Example 1 – Section 4A(2)

Phillip died on 5 January 2010.

He was married to Jane who died on 15/8/2005 (during that time the section 4A  deduction was R1 500 000). The net value of her estate was R650 000. In reducing the dutiable amount in her estate to R Nil, R650 000 of the section 4A deduction was used.

On 7/10/2007 Phillip was married to Dawn who died on 28/12/2008 in a car accident. The net value of her estate amounted to R2 500 000. The section 4A deduction on date of her death was R3 500 000; R2 500 000 of the section 4A deduction was therefore used in her estate.

The section 4A deduction in Phillip’s estate will be:

R3 500 000 x 2 = R7 000 000 (4A(2)(a))

Less: R650 000 or R2 500 000 (4A(2)(b))

The executor in Phillip’s estate has the choice to reduce the R7 000 000 (section

4A(2) deduction) either by R650 000 (4A deduction used in Jane’s estate) or R2 500 000 (used in Dawn’s estate) to determine the deduction in terms of section  4A(2) in Phillip’s estate.

In order to use the deduction in terms of section 4A(2), the following requirements

must be complied with:

Example 2 – Section 4A(3)

John had 3 wives in terms of a customary marriage. He died prior to 1/1/2010 and his estate used R500 000 of the section 4A deduction to reduce the dutiable amount of the estate to R Nil. His wife, Sarah, died on 5/1/2010 and left an estate of R5 million.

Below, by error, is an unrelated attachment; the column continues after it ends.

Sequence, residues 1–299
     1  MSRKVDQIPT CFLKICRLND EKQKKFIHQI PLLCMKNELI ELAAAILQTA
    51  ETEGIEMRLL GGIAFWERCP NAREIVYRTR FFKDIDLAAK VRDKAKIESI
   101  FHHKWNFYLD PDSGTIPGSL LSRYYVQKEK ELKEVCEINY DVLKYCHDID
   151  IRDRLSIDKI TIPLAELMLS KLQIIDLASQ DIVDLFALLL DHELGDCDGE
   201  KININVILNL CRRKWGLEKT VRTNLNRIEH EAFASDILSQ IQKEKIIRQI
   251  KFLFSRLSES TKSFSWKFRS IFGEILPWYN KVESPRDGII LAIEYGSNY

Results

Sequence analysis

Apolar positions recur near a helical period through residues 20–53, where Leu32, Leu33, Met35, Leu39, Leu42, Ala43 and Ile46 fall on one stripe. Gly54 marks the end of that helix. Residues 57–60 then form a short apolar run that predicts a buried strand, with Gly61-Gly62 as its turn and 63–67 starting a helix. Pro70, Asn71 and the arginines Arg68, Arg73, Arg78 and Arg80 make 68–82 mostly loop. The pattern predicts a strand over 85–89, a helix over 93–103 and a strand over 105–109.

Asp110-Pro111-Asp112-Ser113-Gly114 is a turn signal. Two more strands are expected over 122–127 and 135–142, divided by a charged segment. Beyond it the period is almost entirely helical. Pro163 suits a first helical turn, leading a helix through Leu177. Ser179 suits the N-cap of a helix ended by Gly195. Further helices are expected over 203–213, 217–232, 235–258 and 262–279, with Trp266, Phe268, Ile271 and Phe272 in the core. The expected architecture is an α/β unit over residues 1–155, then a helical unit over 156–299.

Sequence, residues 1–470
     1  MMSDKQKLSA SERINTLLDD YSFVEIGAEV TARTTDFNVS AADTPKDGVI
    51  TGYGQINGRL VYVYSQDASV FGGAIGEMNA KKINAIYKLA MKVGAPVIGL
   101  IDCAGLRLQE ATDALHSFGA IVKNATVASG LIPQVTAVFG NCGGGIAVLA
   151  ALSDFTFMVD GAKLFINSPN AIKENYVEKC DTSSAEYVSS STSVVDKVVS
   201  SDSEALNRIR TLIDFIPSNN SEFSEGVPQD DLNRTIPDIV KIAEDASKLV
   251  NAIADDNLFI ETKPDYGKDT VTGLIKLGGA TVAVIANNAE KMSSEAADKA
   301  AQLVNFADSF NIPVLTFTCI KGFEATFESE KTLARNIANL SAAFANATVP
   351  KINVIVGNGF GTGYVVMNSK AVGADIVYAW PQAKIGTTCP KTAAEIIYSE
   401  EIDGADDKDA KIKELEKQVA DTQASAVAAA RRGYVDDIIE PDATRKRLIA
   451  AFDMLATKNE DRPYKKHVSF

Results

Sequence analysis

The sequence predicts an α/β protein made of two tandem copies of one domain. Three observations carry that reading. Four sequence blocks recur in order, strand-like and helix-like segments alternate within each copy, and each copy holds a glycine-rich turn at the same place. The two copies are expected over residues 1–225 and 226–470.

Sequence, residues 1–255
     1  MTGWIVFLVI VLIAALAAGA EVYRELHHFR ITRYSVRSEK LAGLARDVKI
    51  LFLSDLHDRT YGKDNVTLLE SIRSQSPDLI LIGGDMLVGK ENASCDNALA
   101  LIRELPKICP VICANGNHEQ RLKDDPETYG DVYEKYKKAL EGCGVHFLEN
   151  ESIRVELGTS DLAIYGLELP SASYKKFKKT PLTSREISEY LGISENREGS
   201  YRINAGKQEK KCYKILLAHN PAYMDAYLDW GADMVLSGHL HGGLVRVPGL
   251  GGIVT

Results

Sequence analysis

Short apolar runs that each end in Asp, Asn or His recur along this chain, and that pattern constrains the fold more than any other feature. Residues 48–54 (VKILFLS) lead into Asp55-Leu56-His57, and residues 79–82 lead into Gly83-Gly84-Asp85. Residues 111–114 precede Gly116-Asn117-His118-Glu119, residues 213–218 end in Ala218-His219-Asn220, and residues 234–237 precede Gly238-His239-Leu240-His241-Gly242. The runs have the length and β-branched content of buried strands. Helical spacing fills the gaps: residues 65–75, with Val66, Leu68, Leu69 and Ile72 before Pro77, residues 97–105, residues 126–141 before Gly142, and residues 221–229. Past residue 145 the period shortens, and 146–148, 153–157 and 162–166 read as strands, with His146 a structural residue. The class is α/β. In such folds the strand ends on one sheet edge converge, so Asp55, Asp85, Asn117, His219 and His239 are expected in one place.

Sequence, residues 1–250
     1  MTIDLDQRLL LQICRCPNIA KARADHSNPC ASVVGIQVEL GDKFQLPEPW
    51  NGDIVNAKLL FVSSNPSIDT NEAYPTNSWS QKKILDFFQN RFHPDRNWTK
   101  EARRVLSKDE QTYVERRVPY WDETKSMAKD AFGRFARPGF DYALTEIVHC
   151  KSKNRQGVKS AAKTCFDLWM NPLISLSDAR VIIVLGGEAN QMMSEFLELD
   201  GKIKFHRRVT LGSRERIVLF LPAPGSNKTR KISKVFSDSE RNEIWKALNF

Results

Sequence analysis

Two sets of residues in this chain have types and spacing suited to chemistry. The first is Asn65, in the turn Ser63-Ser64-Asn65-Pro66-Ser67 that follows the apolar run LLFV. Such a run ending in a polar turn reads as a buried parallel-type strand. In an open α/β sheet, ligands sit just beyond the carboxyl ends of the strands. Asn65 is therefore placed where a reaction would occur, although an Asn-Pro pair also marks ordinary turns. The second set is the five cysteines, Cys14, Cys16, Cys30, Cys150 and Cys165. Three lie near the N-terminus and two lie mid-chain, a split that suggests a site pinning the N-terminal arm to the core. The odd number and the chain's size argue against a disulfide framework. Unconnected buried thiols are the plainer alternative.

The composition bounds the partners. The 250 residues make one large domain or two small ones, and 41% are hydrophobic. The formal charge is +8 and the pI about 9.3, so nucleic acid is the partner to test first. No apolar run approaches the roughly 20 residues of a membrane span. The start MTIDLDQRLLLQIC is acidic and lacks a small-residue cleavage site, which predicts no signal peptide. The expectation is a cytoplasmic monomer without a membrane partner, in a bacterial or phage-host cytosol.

The section 4A deduction in her estate will be:

The sum of section 4A(1) + [4A(3)(a) less 4A(3)(b)]

R3 500 000 + [R3 500 000 ÷ 3 less R500 000 ÷ 3]

R3 500 000 + R1 166 667 less R166 667

R3 500 000 + R1 000 000

R4 000 000

Example 3 – Section 4A(3)

Cobus had 5 wives, he died prior to 2010 and his estate used R3 million of the section 4A deduction in his estate. One of his wives, Susan, died on 8 January 2010 and left a net estate of R7 000 000

Section 4A deduction in her estate:

The sum of section 4A(1) + [4A(3)(a) less 4A(3)(b)]

R3 500 000 + [3 500 000 ÷ 5 less 3 000 000 ÷ 5]

R3 500 000 + [700 000 – 600 000]

R3 500 000 + R100 000 =R3 600 000

To be enable to use the deduction in terms of section 4A(3), the executor must comply with the following requirements (same as section 4A(2)):

As the amendments inserted in section 4A (subsection (2) to (5)) only deal with the cases where “spouses” are involved the estates of persons who died on or after 1 January 2010 and who were not involved in such a relationship, are still only entitled to a deduction in terms of section 4A amounting to R3 500 000.

The above-mentioned amendments came into operation on 1 January 2010 and apply in respect of the estate of a person who dies on or after that date. The effective date applies to the date of death of the second dying spouse.

(Ms) CJ Marx

For COMMISSIONER FOR THE SOUTH AFRICAN REVENUE SERVICE